Sir Eric Thomas talks to Julia Hartley-Brewer, presenter of talkRADIO’s weekday breakfast show, about the plight of students mid pandemic and that 40% have seriously considered dropping out.
New research reveals that UK students have suffered greatly from this tumultuous year at university. The lack of study support time with academics has reduced student confidence in how well they’ll do in their degree and thus they are less positive about their career prospects.
- Less than half (48%) of students are optimistic about their long-term career prospects
- 73% feel that it will be harder to get a job upon graduating than it previously was
Sir Eric Thomas, former Vice-Chancellor of University of Bristol puts things into context at the beginning of this radio interview with talkRADIO weekly breakfast show presenter Julia Harley-Brewer “We’re all very worried and very threatened. There's a general environment of that and students are no more immune to that than anybody else. The other thing about students is they have literally had their world turned upside down.”
- 70% admitted they have poor or ok overall wellbeing
- 54% have felt stressed at least once a day by studying
Our Wellbeing Research 2021 Report, which looks at the experiences and perceptions of wellbeing and study from more than 2,000 students at UK universities, has highlighted the impact of the pandemic on this current cohort of students. Most notably, 40% have seriously considered dropping out of university.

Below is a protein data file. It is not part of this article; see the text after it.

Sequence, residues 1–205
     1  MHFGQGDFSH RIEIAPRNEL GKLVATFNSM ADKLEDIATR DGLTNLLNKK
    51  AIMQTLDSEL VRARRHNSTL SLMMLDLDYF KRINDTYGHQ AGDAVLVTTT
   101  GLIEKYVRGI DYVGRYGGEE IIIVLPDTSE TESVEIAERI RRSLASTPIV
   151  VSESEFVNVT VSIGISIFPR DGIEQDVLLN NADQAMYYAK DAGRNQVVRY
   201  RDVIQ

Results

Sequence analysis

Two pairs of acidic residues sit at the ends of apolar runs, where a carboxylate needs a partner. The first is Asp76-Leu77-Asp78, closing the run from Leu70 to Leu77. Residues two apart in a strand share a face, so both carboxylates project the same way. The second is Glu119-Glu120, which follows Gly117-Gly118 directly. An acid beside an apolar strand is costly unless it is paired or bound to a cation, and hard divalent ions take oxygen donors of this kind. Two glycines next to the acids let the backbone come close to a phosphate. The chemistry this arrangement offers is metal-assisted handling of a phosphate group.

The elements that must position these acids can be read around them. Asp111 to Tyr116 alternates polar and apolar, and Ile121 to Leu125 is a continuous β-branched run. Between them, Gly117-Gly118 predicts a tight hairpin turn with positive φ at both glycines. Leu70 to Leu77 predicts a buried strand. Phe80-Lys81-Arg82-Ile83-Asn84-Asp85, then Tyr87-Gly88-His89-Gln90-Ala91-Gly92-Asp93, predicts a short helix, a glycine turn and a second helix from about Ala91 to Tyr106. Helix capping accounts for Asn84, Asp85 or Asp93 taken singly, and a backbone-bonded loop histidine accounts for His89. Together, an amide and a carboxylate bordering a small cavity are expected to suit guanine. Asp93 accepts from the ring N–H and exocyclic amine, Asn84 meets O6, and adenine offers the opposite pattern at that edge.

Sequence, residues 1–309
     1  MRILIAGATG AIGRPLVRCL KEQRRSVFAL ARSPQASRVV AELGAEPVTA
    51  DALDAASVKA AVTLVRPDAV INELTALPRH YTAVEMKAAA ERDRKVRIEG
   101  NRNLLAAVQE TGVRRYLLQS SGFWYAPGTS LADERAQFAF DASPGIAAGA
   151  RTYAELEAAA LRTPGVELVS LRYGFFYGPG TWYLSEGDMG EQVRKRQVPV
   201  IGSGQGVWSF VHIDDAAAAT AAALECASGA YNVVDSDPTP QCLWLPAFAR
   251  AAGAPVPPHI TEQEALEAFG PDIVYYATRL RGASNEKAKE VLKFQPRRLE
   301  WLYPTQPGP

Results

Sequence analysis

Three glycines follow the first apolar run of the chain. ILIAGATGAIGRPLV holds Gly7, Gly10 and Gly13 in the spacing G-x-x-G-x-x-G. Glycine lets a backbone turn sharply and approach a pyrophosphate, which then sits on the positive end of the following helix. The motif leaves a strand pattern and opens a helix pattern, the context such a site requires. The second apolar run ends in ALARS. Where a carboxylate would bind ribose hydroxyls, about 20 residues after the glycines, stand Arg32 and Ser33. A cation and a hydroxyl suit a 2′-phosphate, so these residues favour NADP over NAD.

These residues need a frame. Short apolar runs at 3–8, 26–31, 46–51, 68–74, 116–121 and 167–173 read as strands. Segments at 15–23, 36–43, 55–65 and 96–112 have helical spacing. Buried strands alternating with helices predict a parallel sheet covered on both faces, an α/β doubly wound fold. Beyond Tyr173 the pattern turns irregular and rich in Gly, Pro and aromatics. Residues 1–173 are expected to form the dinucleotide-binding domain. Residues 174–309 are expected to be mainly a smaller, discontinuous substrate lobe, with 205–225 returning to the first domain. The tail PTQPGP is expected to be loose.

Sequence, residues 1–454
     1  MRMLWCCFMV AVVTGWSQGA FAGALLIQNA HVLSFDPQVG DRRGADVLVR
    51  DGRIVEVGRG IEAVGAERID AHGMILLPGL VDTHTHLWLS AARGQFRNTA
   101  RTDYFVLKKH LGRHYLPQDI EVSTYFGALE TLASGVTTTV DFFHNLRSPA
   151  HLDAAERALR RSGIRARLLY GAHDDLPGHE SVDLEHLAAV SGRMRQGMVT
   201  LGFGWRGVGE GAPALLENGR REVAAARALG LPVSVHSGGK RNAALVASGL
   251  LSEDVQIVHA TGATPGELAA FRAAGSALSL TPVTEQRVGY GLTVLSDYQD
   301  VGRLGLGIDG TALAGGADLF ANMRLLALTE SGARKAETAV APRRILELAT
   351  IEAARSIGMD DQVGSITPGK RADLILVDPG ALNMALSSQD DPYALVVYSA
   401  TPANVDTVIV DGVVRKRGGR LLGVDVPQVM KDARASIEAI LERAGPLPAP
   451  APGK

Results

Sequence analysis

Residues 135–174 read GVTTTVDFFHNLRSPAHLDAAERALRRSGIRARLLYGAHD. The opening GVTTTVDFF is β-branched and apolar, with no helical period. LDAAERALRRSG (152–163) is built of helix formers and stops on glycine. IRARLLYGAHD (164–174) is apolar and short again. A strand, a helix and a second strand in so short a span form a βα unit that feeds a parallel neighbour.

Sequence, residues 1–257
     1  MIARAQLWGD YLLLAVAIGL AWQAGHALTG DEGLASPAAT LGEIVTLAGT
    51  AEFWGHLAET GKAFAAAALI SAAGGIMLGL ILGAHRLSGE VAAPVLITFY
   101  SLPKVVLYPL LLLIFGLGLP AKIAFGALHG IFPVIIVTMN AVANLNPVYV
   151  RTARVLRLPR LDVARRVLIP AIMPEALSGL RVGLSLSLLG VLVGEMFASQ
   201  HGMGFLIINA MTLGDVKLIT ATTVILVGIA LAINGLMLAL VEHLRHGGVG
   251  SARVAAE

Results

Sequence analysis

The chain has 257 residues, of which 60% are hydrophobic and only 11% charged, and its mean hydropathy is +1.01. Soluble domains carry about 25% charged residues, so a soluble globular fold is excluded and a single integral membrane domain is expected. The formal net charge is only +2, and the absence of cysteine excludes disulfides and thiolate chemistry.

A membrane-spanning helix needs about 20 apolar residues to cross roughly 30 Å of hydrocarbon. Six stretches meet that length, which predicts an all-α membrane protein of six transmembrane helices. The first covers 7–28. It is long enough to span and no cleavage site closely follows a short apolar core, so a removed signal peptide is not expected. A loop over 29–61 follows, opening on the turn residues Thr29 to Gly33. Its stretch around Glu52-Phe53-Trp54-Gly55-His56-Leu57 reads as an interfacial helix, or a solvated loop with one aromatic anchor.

- 81% say Covid has had a negative effect on their university experience. The most likely reasons for this are:
- I’ve had less face-to-face contact with academics (85%)
- I’ve spent less time on campus (80%)
- I’ve struggled to meet new people / make friends (68%)
- 59% of those who have felt a negative impact due to the pandemic say this is because they’ve struggled to get adequate support with academic work
- The largest increase is in those not getting enough support when they’re not in class, 27% (up from 7% in last year's report)
- The most prominent study struggle is finding a quiet place to study (43%), then poor internet connection (40%)
"What we need to do is get online support really, really excellent"
As Sir Eric Thomas said “they will be asking questions of themselves both environmentally and from the experience they are having whether this is what they want to do” and that “what we need to do is get online student support really, really excellent.”
Julia Hartley-Brewer’s response was that we should get students back into universities as they are incredibly low risk from Covid and feels “that young people are not at risk, they should be allowed to be mixing freely.”
However as Sir Eric points out “what’s important to notice is that students were asking for online support long before the pandemic came along. They get more satisfaction from it, they feel more confident about their studies. Even if we brought everybody back, the need to give this support is not going to disappear".
A point well made that Julia Hartley-Brewer agreed on “even if we never had a pandemic again this is still something they need.”
- 74% hope universities will offer more out of office support services in the future
- Since 2019, the number of students who have had to study all night at some point has increased by 8-percentage points
So what does the future hold? A blended learning environment, with more support outside of the traditional 9-5 university hours. You can watch the interview here.